#2: Avoid poisonous things. I'm guessing that for most people in the U.S., if you told them never to eat anything out of a box or can, and to never eat anything cooked that you couldn't eat raw, you'd substantially improve their health. And I think that's what the people in the blue zones have in common foodwise - they don't eat food that's been processed into yummy tasting garbage.


    P.S. I love pork loin. Cook it on high heat; let it rest so the juices go back inside; it's a fine source of leeeeean proteeeein.

  3. #103
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    I enjoy a plumb pork loin as well. But I generally slow cook my meats on lower temps for longer times, as everything I've ever read says it's MUCH healthier to go lower temp. And shouldn't pork be a bit more thoroughly cooked through than other meats? I never heard of pork tartar... But a quick high heat broil to sear the outside I guess is a trade off of sorts. Am curious, what temp & how long do you cook your pork loins?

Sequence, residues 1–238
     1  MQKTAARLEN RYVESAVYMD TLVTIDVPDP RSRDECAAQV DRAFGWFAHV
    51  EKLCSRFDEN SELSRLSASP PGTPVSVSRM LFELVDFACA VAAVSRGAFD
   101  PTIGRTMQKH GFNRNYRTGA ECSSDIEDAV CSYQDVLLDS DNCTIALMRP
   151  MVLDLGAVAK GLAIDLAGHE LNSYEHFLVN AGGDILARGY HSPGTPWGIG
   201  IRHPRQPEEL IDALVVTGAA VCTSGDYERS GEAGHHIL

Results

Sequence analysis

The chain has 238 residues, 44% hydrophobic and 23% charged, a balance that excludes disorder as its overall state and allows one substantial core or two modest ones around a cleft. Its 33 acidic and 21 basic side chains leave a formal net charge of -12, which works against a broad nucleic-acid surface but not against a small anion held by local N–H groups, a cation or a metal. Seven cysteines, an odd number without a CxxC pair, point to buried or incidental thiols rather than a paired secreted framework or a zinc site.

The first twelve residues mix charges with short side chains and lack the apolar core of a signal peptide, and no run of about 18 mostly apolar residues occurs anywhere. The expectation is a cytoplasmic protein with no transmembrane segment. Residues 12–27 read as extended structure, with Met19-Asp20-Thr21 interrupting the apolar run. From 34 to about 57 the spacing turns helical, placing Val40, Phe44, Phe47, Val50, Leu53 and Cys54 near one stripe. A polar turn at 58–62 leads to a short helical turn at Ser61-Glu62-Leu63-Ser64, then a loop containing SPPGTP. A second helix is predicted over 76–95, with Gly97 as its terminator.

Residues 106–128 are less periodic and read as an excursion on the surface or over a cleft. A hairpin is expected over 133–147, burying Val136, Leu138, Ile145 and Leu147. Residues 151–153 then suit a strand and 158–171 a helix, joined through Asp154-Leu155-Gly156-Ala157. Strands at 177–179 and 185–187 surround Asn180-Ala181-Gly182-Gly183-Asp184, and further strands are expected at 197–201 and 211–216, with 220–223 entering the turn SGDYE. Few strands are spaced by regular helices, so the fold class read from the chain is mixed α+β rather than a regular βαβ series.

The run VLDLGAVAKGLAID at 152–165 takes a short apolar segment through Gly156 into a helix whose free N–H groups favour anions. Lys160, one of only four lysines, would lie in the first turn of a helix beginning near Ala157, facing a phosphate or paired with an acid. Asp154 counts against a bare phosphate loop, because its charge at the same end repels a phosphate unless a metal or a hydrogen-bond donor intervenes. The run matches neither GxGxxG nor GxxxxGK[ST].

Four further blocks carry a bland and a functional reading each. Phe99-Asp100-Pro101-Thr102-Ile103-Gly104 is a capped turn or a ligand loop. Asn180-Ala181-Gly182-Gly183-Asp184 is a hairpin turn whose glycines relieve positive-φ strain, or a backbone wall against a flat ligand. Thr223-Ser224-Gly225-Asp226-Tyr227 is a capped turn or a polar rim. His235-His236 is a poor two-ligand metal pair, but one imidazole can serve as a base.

"Science is not belief but the will to find out." ~ Anonymous
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  4. #104
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    Hi Betorq,

    I get the sliced loin "chops" at WFoods. There's just one of me here, so that's easier. Then I put it on the highest heat on my Cuisanart Griddler (best thingy I've bought in a year) - I think that's 450F. Cook 'til grill marks are dark. Turn off and let sit 'til I've prepared the rest of my plate, and they're done.

    If I cooked a whole loin, I'd be eating pork 'til I oinked.